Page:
Abstract ID: 635 | Poster Number: P07-37
Poster Session: Emerging In Vitro Models
Viewing Session I
Monday, September 3
Author Attended 9:30AM – 10AM, 1PM – 2PM, 4PM – 4:30PM

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Characterization of drug metabolizing enzymes, transporters and permeation in a human organotypic corneal tissue model
Kaluzhny2, M. Kinuthia2, T. Truong2, A. Lapointe2, M. Klausner2, S. Letasiova1, P. Hayden2
1MatTek In Vitro Life Science Laboratories, Bratislava, Slovakia, 2MatTek Corporation, Ashland, United States of America

The corneal barrier is vitally important for eye protection, but also presents a significant challenge for delivery of ophthalmic drugs. Most current studies utilize excised animal corneas that are not suitable for rapid drug screening and also have poor species extrapolation and standardization. We developed a physiologically relevant, human-based in vitro 3D corneal tissue model (EpiCorneal) and evaluated its utility for ophthalmic drug development.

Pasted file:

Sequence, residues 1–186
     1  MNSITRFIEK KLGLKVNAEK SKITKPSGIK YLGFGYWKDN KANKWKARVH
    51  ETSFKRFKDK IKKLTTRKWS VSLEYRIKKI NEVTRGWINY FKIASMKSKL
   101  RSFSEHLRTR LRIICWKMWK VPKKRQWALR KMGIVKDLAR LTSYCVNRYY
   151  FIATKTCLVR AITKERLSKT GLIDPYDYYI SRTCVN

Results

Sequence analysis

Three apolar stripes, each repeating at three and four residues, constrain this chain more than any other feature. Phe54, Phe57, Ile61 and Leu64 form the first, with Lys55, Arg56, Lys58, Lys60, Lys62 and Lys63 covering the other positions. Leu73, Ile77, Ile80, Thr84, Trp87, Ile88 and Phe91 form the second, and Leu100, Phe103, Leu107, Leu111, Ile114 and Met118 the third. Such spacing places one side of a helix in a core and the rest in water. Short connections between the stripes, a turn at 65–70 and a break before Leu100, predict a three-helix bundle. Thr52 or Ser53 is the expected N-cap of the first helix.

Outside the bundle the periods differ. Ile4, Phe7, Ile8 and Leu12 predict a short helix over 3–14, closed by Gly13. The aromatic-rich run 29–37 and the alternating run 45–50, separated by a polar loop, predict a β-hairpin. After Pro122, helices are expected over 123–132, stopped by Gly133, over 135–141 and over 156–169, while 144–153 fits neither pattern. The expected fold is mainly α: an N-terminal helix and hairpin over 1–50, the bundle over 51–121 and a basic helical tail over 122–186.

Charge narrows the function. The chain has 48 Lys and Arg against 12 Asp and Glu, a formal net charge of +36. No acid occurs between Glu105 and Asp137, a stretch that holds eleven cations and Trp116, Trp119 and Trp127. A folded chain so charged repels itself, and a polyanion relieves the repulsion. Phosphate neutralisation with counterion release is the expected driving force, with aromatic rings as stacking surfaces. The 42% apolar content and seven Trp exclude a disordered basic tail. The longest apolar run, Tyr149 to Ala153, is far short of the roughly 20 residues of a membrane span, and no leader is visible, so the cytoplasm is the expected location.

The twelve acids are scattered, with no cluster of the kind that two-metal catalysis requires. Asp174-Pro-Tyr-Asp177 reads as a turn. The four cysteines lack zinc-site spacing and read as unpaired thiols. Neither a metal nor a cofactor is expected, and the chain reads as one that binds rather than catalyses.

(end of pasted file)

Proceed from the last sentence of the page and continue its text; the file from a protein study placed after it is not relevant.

Tissues were characterized by histology, confocal microscopy, barrier function, and expression of genes essential for metabolism, detoxification, and drug transport. The organotypic corneal tissue model developed tissue structure, thickness and barrier formation (1000±146 Ω•cm2) comparable to native human corneal epithelium. The 3D corneal tissue expressed tight junctions, mucins, and key corneal epithelial detoxification enzymes. qPCR arrays were utilized to investigate expression of 84 key phase I/II metabolizing enzymes and 84 drug transporter genes in 3D corneal tissue and excised human corneal epithelium. Drug metabolizing enzyme and transporter gene expression were highly correlated (r2=0.87).

Permeability was evaluated using model compounds with a wide range of hydrophobicity and molecular weight, and different formulations of glaucomatous drugs Latanoprost and Bimatoprost. Coefficients of permeation for model drugs in tissue model and excised rabbit corneas showed a high correlation (r2=0.94). As expected, Latanoprost and Bimatoprost free acids had much lower permeability (Papp=1.2×10-6 and 1.9×10-6) than the corresponding prodrugs (Papp=2.5×10-5 and 5.6×10-5, respectively). The presence of 0.02% Benzalkonium chloride in ophthalmic formulations significantly affected tissue barrier and viability.